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EDISON’S LIGHT BULB – “Photometric Diagram of Carbon Loop.” Pen and ink drawing with long manuscript caption, Edison’s Laboratory, [Menlo Park, New Jersey], 18 March 1880, signed by Charles L. CLARKE (1853-1941) and inscribed “Note Book 66,” lower right.
EDISON’S LIGHT BULB – “Photometric Diagram of Carbon Loop.” Pen and ink drawing with long manuscript caption, Edison’s Laboratory, [Menlo Park, New Jersey], 18 March 1880, signed by Charles L. CLARKE (1853-1941) and inscribed “Note Book 66,” lower right.

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EDISON’S LIGHT BULB – “Photometric Diagram of Carbon Loop.” Pen and ink drawing with long manuscript caption, Edison’s Laboratory, [Menlo Park, New Jersey], 18 March 1880, signed by Charles L. CLARKE (1853-1941) and inscribed “Note Book 66,” lower right.

One page, 400 x 310mm, on starched drafting linen. (Mild soiling and a few spots, fingerprint.)

A very important 1880 manuscript diagram of Edison’s electric light bulb, one of the most epoch-changing inventions of the modern era, from the personal collection of Charles L. Clarke, the Chief Engineer and first President of the Edison Electric Light Company. A central, simple line drawing of the iconic glass vacuum tube is surrounded by a diagram showing the amount of illuminated surface around the bulb. Edison built his first high resistance, incandescent electric light in Menlo Park in 1879 but the filaments burned out within just a few hours. Over the next year, he and his team tested thousands of filament materials before finally settling on carbonized cotton. The light bulb as we basically know it today was patented on January 27, 1880, less than three months before the date of this drawing. Such original material is rare. The present is signed by and derives from the collection of Charles L. Clarke who had retained a scrapbook of personal material from his days as one of Edison’s top engineers.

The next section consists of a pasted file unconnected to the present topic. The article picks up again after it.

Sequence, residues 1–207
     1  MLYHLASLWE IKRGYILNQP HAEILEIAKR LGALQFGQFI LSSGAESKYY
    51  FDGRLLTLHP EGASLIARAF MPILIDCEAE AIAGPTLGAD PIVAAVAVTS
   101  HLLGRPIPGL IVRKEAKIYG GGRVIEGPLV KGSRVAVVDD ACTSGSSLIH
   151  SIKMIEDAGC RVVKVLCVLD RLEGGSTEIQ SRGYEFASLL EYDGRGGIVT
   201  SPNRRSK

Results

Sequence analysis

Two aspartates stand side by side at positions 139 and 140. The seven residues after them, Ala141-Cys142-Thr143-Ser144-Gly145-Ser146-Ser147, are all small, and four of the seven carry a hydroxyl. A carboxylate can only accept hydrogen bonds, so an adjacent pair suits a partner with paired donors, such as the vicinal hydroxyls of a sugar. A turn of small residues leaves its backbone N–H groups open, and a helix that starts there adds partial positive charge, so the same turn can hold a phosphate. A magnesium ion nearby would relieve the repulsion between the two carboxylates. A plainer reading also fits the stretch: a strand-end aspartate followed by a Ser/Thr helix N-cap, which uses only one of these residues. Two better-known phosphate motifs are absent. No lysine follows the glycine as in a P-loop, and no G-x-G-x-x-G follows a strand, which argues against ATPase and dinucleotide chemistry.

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The small central diagram depicts the carbon loop of the light bulb, not the glass.

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